—a full moon—wake up late—open my mail—a refund check—damp and cold—off to the credit union—an American flag strikes the flag pole—on Avenue B—an archbishop guides parishones—catholic-leaning alternatives—for girl scout cookies—during the crusades—thousands of children marched to their death—children crowding—into the earth school—a lanky guy wearing earmuffs—makes the air quotes with his fingers—says the word “safe”—at 9 pm the storm thins—brownish fog—the outlook for 2016 somewhat gloomy—German business leaders urge Russians—uphold a cease-fire—in the Ukraine—all agree—it’s going to stay warm now—walking home—on Avenue A—a man asks—do you want cocaine—
25 Feb 2016
The poems that make up Brooklyn poet and editor Barbara Henning’s latest poetry collection, Digigram (New York NY: United Artists Books, 2020), are built as curious collage-accumulations, quick poem-sketches that stitch and string together a series of connected and unconnected phrases, thoughts, descriptions and ideas. The poems emerge through the accumulation and the rhythms, the immediate thoughts and moments that blend threads of the intimate, the immediate, the domestic and the political, writing about where the dishes came from, walking down Avenue A, overheard conversation, newspaper reports and the emergence of Presidential candidate Donald Trump. As the poem “It All Depends” begins: “—upon a wizened old woman—missing two front / teeth—an old skull cap—big men’s levis—full of holes—a / shopping cart—no tax loopholes—she scowls at me, / then apologizes—trains seem safer than the 80s—I / say—depends on who you are—and where you are—true, / true [.]” The effect of her hyphenated sketches provide an immediacy to her poems, almost a point-form journal-entry effect, comparable to that of New York poet Stacy Szymaszek’s Journal of Ugly Sites & Other Journals (Albany NY: Fence Books, 2016) [see my review of such here]. These poems provide both a portrait of a particular time, and an examination of where we currently stand, threads that continue across 2020 as easily as 2016, 2017 and 2018, when these poems were first composed. The world has changed, but it is still the same world.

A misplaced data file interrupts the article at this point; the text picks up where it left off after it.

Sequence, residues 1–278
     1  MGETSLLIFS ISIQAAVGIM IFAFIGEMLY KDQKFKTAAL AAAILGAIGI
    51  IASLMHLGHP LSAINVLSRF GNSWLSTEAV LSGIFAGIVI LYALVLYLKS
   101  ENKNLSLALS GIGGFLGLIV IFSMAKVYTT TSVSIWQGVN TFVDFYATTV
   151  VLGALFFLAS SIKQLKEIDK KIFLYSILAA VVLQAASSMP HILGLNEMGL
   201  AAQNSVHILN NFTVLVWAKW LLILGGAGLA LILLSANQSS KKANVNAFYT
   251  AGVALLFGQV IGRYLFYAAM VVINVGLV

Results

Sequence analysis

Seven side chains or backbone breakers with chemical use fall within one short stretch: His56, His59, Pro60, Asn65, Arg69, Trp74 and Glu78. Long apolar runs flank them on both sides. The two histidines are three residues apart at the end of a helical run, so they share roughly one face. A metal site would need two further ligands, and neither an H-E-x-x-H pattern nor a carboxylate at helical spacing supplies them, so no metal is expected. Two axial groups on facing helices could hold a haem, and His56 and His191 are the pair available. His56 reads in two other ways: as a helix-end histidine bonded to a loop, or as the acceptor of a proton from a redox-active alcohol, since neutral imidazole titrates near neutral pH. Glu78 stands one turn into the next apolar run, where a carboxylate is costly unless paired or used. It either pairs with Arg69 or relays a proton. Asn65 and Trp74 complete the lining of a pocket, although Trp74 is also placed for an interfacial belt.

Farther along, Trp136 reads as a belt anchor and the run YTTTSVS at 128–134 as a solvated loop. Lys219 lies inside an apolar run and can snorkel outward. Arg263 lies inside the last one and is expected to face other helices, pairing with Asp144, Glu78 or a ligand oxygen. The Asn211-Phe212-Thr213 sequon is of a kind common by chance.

What I find interesting, also, as she writes in her “Process Note” at the end of the collection, is that this collection was originally prompted by Body Sweats:The Uncensored Writings of Elsa Von Freytag-Loringhoven, edited by Irene Gammel and Suzanne Zelazo (MIT Press, 2011):
In 2016, I picked up a collection of writing and art by the Dadaist, Elsa Von Freytag-Lorenhaven, also known as the Baroness. I pored over this book, laughing at the way she took William Carlos Williams to task (old observation minted wisdom). She was the ultimate beat/punk artist, scoffing at bourgeois society. Reading her poems, I thought to myself—they are like ecliptic telegrams to the world. At the time I was collecting poetic material from my journals, arranging, rearranging and collaging in news from the days before and around. Meanwhile I felt desperate—as did many others—about the political situation unfolding in the country. Trump had not yet been elected, but the hate on mainstream media was shocking. Then he won the election—how horrifying. Greed, wealth, ignorance and hate arm-in-arm. While I’m nowhere near as anti-establishment or as abrasive as the Baroness, I did pick up on her rhythms and started translating my poems into ecliptic digital messages that I called “digigrams”.
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